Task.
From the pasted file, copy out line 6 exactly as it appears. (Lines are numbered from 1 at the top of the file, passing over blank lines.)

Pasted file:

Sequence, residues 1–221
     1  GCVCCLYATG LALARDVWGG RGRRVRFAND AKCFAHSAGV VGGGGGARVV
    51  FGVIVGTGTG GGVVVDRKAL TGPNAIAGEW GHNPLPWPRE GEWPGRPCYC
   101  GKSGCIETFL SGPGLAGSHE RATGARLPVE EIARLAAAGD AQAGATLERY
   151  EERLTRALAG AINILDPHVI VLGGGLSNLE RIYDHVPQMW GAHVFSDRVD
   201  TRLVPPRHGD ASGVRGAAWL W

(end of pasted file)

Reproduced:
   201  TRLVPPRHGD ASGVRGAAWL W